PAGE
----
Great movies are not about issues, they are about people. It’s unfortunate to have to trot out this platitude, but Never Let Me Go doesn’t seem to leave me a choice. While the film’s heart is set on greatness — it’s serious, somber, gorgeously shot — it misses the mark that every book adaptation should aim for. No one could imagine getting a better experience reading a story off a movie screen — with nothing but words projected at 24 frames per second — than they would off a book in their lap. Yet people may very well watch this movie and believe that because it was shot on film it adds something to the book off which it’s based. But the two mediums are not easily compatible. Books can take their time with serious issues because they’re dependent on the reader being more proactive in setting the pace, while films have to get the issues to us through action, make it lifelike, and do it relatively quickly. This film fails on all three counts.
Never Let Me Go, based on British novelist Kazuo Ishiguro’s book of the same name, imagines a late-20th century England wherein the ethics of human cloning — that is, the clones’ subsequent death by organ harvesting — have been overlooked to make way for the benefits the clones afford the normal public: longer life spans, better health, instant revitalization. Our heroes, a trio of children coming out of the last school to treat clones with the dignity offered normal people, grow up to learn that no matter how well they were educated, the only lesson that really matters is that they are expendable; they will die prematurely, under the knife.
To make issues worse, each child represents a different stage in the process of accepting clone status. There’s Kathy (Carey Mulligan), the resigned frump who dedicates herself to making clone death more comfortable; Ruth (Keira Knightley), the rebel who uses sex to forget about being a clone; and Tommy (Andrew Garfield), the cheerful dope who holds out hope until the end. We peek into their lives at three critical periods, watching them play out more or less normal formative dramas of raging hormones and crushing heartbreaks and finally realize that being created for harvesting has made it all worthless.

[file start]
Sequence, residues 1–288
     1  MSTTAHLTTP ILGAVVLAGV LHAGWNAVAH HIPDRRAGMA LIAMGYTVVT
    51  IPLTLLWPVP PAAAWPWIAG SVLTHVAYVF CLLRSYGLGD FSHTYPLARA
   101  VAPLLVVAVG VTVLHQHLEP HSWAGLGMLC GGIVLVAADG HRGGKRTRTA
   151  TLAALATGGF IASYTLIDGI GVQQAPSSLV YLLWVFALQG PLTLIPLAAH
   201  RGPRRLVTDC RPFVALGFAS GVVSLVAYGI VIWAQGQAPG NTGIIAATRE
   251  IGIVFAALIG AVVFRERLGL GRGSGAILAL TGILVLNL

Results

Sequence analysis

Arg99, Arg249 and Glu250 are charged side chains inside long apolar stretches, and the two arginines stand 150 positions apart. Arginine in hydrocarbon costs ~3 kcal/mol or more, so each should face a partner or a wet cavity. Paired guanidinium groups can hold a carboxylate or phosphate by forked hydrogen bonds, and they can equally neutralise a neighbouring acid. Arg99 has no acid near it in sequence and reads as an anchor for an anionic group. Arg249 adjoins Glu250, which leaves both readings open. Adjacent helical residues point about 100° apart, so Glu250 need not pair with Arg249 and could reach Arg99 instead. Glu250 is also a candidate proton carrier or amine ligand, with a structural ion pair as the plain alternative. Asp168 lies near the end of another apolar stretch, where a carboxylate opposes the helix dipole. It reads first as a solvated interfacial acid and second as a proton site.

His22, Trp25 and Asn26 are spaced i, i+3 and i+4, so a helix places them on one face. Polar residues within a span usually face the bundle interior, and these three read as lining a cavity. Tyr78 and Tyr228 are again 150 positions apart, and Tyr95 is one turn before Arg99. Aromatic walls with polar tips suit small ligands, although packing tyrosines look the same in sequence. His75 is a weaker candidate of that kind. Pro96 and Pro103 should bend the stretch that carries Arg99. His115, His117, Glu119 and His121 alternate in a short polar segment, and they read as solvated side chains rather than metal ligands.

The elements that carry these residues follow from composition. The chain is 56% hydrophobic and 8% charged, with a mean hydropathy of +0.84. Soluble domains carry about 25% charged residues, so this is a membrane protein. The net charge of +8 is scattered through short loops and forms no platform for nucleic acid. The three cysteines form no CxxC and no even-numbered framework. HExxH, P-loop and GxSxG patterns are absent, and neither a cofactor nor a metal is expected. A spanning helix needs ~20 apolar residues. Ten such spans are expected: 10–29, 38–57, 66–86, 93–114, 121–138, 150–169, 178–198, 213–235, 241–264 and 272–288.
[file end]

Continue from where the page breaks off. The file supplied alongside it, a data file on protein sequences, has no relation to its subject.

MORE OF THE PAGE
The movie’s hoped-for trick is to make us sympathize with their growing pains as we recognize the inevitability of their doom. If we can do this, or if the movie can do it for us, we will see that the children are human despite their genetic redundancy. And then we will understand the point: the soul resides not in our genetics, but in the people we become as we experience life.
Fine point, worth telling, especially with care and heart and artistry. Presumably (I haven’t read the book), Kazuo Ishiguro did, when he wrote Never Let Me Go from scratch. But a film adaptation is a second go-round, and therefore there are two choices: Either follow the novel’s pattern and hope for the best or drastically rearrange the structure and present the novel’s ideas the way a film should, with action. Tricky either way. You can see where the fastidious grunginess of music video director Mark Romanek might really have seemed the ideal style for this ethical parable.
So what has he done with it? He’s told it like a novel, doling out scene after self-contained scene as if they were Ishiguro’s chapters. And he’s shot it in just the way we are accustomed to seeing literature adapted onto the screen. Muted, olive color fills tasteful compositions; understated classical music underscores preprescribed emotional notes; soulful handheld camerawork lingers on visual metaphors (a rusted boat marooned on a beach) long after the point is made and received. Worse, Romanek makes his points early and often yet can’t resist moving at a slogging pace right up to a final scene, in which a voiceover succinctly tells us what we are supposed to have felt.
I can’t say whether the film follows the book to the exact letter, but there is no denying that it plays like a classy novel more than it plays like a movie. I also can’t say whether Ishiguro has written his way into what it means to be human despite being a clone, but Romanek has definitely shot his way into what it means to be a director despite having made one.